6 Essential WordPress Security Tips

Open Source. Literally Free. Tons of premium themes. Multiple industry-specific templates. User-friendly. Above, one-fourth the Internet is made up of it.

Endless is the merit list of WordPress as a Content Management System.

But, despite all these benefits, there is one blot on the otherwise crystal clear track records of WordPress. It’s security vulnerabilities.

WordPress has several security lapses that shrewd hackers can easily take advantage of and when they do, the worst happens – your website either vanishes forever or it is turned into a pit of spam verts.

Not only your year’s long work go down the drain in split seconds, but, you stand to lose your online reputation if it is not fixed before the hacker does even worse things using the website.

Feeling scared? Hold on! We got you covered.

We have compiled this list of 6 security tips for WordPress website admins to help you safeguard yourselves and secure your websites from hacking and other cyber threats.

Don’t wait until disaster strikes. A stitch in time saves nine. Here are ten stitches you ought to make to avert one fatal disaster.

Tips To Turn Your WordPress Website Into A Digital Fortress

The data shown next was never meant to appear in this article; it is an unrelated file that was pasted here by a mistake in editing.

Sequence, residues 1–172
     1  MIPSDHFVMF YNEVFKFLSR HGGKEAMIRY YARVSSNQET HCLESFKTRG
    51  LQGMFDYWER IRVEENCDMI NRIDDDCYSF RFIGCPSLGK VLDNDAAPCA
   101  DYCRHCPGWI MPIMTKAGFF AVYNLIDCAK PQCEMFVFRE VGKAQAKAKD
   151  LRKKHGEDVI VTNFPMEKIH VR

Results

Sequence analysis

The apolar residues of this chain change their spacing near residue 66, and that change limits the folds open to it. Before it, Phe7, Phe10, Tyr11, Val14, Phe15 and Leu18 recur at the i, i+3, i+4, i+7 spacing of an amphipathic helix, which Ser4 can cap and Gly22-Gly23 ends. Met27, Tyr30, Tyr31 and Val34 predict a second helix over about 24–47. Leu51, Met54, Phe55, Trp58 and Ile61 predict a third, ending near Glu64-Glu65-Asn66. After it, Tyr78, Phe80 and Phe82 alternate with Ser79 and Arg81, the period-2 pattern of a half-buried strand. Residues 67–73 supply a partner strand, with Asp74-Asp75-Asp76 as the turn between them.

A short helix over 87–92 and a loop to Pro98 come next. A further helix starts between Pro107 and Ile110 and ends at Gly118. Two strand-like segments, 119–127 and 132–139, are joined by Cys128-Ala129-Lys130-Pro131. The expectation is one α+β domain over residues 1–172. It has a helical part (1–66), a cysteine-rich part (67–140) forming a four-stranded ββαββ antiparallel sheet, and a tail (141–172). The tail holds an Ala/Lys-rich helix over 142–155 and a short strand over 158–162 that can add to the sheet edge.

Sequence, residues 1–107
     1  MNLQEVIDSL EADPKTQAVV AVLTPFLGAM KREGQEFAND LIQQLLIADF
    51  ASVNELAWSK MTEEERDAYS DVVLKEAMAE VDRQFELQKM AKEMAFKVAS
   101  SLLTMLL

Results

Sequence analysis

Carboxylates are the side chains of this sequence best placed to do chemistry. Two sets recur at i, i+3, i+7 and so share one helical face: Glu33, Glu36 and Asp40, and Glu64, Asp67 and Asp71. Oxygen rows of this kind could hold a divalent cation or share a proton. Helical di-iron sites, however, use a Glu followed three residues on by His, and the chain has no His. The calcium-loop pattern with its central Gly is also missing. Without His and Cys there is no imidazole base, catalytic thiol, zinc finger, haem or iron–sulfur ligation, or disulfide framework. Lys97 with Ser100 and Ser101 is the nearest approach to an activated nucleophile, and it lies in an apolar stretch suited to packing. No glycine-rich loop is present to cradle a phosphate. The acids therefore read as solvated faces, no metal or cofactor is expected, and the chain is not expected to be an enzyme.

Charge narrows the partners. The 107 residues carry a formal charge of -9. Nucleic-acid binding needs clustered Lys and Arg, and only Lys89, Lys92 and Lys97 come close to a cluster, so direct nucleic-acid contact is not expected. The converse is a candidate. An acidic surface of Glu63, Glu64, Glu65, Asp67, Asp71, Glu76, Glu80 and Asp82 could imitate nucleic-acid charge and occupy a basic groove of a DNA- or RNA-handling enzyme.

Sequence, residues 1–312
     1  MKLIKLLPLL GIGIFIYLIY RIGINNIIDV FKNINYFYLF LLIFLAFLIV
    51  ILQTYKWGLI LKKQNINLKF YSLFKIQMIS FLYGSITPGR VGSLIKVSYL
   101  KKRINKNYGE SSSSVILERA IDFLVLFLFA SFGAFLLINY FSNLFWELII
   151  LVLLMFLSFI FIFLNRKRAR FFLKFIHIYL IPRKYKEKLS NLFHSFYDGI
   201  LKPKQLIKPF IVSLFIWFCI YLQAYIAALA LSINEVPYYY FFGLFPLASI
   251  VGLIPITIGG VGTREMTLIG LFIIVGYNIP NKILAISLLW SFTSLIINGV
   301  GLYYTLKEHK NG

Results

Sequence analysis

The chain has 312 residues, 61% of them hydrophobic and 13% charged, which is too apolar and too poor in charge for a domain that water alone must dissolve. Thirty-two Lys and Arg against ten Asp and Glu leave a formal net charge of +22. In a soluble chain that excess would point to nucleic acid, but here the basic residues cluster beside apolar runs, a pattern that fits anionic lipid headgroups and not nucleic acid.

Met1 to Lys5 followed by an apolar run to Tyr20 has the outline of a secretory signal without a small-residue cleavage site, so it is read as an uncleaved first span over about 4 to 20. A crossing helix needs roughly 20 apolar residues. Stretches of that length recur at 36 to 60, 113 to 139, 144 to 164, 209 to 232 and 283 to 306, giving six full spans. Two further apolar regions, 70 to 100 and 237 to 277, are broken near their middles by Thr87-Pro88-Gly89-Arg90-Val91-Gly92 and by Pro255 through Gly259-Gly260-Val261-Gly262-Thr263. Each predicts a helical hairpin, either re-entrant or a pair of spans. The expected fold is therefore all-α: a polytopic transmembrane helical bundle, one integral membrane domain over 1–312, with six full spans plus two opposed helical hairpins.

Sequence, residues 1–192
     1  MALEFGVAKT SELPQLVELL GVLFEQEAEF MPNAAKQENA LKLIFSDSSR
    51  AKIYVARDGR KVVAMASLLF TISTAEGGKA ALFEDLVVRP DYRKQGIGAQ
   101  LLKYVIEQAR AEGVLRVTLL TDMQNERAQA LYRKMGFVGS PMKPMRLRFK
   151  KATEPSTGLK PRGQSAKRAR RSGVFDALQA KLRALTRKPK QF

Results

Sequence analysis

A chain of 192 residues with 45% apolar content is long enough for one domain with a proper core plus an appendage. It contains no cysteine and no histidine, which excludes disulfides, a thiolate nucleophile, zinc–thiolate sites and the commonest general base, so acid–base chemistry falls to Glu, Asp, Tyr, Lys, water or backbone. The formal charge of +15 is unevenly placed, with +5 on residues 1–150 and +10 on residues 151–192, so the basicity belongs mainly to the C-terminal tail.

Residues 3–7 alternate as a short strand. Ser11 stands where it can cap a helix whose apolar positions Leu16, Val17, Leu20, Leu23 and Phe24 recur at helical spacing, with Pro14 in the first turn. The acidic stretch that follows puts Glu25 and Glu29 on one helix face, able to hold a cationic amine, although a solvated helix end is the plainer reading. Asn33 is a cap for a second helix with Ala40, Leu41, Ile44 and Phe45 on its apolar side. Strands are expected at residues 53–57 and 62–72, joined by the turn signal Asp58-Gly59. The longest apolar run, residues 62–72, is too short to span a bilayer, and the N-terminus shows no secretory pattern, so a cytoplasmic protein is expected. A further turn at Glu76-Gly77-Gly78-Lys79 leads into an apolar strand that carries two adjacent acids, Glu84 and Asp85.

There is admin panel stuff that you can do to make your website a true Digital Fortress. Let’s delve right in.

Securing The Login And Admin Panel

The login page is the entrance to your website’s insides. Leaving the front door grants access to anyone, even those who want to take your site down.

Similarly, the admin panel. The admin panel is your dashboard from where you control and configure the entire website and its functioning. Right from appearance to creating and publishing new posts, everything happens here.

So, these two sections in your WordPress website are critical to security. So make it a point to use usernames and passwords that are tough to crack.

Change the default username from ‘admin’ to something difficult to crack. If you have already installed and configured the website using the ‘admin’ username, you can always use a SQL query in PHPMyAdmin to change it to something else.

Upgrade to HTTPS

If you have noticed that websites that begin with HTTPS have a green address bar and a padlock symbol affixed to them. The HTTPS is an indication that the website has been encrypted using an SSL certificate. Something like what I came across when I visited Comodo Certificate Authority’s website recently:

An SSL certificate encrypts the data that is exchanged between your web server and visitor’s web browser. A Positive SSL Certificate of Comodo helps to secure secure online transaction of your website at less price. You can get Positive SSL certificate from an authorized SSL resellers such as Cheap SSL Shop at huge discounted price. If SSL certificate is not implemented on site, hackers can intercept the information that is being taken from you across the Internet to a server or the other way around.

Having HTTPS is mandatory for your WordPress website if you are collecting login credentials or payments from your users. In fact, WordPress itself has been seeing moving towards SSL adoption from 2017 onwards.

Patch, Patch, Patch